tasks for the fact finder at trial. Moreover, the Court is
unable to find at this juncture that, under the safe harbor
provision of section 2924.12(c),  any material violation of
section 2923.7 that Defendant committed in 2013 would
regardless have been remedied by “Defendant's full
review and denial of Plaintiff's loan modification
application in 2015, ” see Mot. at 18, given
that the Court finds that there is a reasonable dispute of
fact regarding whether the 2015 review was completed in good
faith, compare Opp. at 12-13 with Reply at
Plaintiffs' third cause of action asserts that Defendant
negligently handled their loan modification application and
loan account through 2013. Compl. ¶¶ 32-37.
Defendant moves for summary judgment on the grounds that it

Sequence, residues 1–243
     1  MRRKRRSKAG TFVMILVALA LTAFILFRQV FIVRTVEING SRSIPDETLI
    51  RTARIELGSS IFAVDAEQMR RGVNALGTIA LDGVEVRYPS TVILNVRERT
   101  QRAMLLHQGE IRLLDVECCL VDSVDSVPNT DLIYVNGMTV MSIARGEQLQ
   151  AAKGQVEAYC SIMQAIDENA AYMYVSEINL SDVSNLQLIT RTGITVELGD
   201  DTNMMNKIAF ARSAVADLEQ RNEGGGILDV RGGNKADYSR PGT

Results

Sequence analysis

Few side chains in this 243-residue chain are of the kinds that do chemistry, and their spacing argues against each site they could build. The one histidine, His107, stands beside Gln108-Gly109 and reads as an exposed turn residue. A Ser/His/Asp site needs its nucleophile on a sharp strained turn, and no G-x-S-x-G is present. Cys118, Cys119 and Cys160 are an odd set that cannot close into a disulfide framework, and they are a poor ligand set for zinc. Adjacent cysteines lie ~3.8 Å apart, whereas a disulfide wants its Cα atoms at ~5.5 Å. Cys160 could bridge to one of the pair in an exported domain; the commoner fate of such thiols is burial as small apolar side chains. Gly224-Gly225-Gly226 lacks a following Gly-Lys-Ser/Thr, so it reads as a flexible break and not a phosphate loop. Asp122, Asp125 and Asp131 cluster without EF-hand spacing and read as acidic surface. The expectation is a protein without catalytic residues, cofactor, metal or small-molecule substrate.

did not breach any legal duty and that its action did not
proximately cause any damages suffered by Plaintiffs. Mot. at
19; see also Alvarez v. BAC Home Loans Servicing,
L.P., 228 Cal.App.4th 941, 944 (2014) (stating that the
elements of a negligence claim are duty of care, breach, and
proximate cause). As to breach, the Court finds that there is
a dispute of material fact regarding whether Defendant's
delay in reviewing Plaintiffs' loan modification during
2013 was caused by Plaintiffs' hiring of the Ayayo Law
Firm to postpone the sale of their property or by
Defendant's allegedly negligent actions related to
determining whether Plaintiffs' loan was subject to
bankruptcy. Compare Mot. at 21-22 with Opp.
at 13-14. And viewing the facts in the light most favorable
to Plaintiffs, the Court cannot find that no reasonable juror
could conclude that Defendant's negligence caused
Plaintiff to suffer damages such as emotional distress.
Determining whether any damages suffered by Plaintiff were
“self-inflicted, ” as Defendant asserts, Mot. at
23, is a job for the fact finder at trial.
said, the Court has substantial questions as to whether